6. Learned counsel for the defendant-appellant pleads that the word 'suit' in this Section must be deemed to include any stage of the litigation, even though it may be a proceeding which amounts to a third appeal, as in the case which is now before me. In this connexion he has referred me to certain observations by this Court and by the Madras High Court. In Abdul Basit v. Ashfaq Husain (1908) AWN 211 at p. 213 a learned Judge of this Court observed as follows:

An appeal means a removal of a cause or suit from an inferior to a superior tribunal in order that the latter may revise and, if it seems needful, reverse or amend the decision of the former. An appeal, it must be borne in mind, is a continuation of a litigation commenced by a suit.

7. In Atchayya v. Venkata Seetharamachandra Rao (1915) 2 AIR Mad 1223, Sundara Ayyar J. at p. 208 said:

It is quite clear that the Civil Procedure Code has accepted and carried out the well-established principle that an appeal is the continuation of the proceedings in the original Court, that those proceedings are removed to the Court of Appeal and that the proceedings in the Appellate Court are in the nature of a re-hearing. In the case of second appeals no doubt the High Court does not possess plenary powers of dealing with the case and it cannot be said in such cases that the causa is re-heard in full, but this does not affect the general principles regulating the functions of an Appellate Court or the powers and duties of a Court of first appeal.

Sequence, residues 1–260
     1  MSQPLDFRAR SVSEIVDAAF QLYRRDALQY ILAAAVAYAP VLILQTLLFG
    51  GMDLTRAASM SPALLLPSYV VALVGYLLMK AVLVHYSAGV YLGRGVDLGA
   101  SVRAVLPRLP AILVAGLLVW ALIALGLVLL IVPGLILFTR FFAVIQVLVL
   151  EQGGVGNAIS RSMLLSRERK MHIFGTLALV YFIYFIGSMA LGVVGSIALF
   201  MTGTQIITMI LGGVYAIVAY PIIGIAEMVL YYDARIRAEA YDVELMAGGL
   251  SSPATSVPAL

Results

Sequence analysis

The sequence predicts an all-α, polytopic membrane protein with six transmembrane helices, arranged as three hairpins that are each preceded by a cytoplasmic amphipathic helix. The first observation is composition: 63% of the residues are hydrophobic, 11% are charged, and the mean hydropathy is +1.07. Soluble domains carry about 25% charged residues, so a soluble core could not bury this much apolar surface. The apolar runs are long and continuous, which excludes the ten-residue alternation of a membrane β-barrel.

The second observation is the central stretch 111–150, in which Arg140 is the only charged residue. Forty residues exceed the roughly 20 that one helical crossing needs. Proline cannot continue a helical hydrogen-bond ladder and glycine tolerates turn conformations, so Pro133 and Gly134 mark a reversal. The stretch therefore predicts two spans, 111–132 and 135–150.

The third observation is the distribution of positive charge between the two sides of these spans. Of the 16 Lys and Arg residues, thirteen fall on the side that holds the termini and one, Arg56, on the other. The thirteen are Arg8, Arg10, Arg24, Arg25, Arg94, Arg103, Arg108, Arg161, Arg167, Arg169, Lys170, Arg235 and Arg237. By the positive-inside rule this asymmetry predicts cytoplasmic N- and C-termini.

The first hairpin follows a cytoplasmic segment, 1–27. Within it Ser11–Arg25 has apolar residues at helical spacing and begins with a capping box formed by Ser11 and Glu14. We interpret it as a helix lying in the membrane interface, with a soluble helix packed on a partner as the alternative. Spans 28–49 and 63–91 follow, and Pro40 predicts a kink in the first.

8. I agree that an appeal is a continuation of the original litigation, but it does not in the least follow from this that, where the Legislature mentions a suit in any particular Act, it intended to include appeals as well. Learned counsel refers to Section 52, T.P. Act, in which the pendency of a suit or proceeding includes the pendency of any stage of the litigation until finality is reached, and on the analogy of this Section in the Transfer of Property Act he pleads that the word 'suit' in Act 17 of 1939 must be read as including an appeal also. It is always necessary to exercise caution in applying the analogy of a provision in any particular Act to another Act of an entirely different character; and, moreover, the expression 'suit or proceeding' in the Transfer of Property Act is obviously wider than the word 'suit' in Act 17 of 1939. When the Legislature employs any particular word, that word must be read in its literal and technical sense unless the contrary intention appears or can reasonably be inferred. No attempt has been made to show me that any such contrary intention appears in Act 17 of 1939, and I do not find any indication of such intention. I think that, when the Legislature used the word 'suit,' it meant suit and nothing else. Suits and appeals are separately dealt with in the Act and I have little doubt that, if the Legislature had intended that Section 296 should apply to appeals, it would have said so in specific terms. And the reason why it did not make Section 296 applicable to proceedings which have reached the stage of an appeal is, I think, obvious. In my opinion there is no force in this plea. If the defendant had any right of appeal at all, it lay under Act 3 of 1926, but for reasons which I have already given I agree with the view of the lower Appellate Court that no appeal lay to that Court from the appellate decree of the Collector. For the reasons given above, this appeal fails and is dismissed with costs. Permission to appeal under the Letters Patent is refused.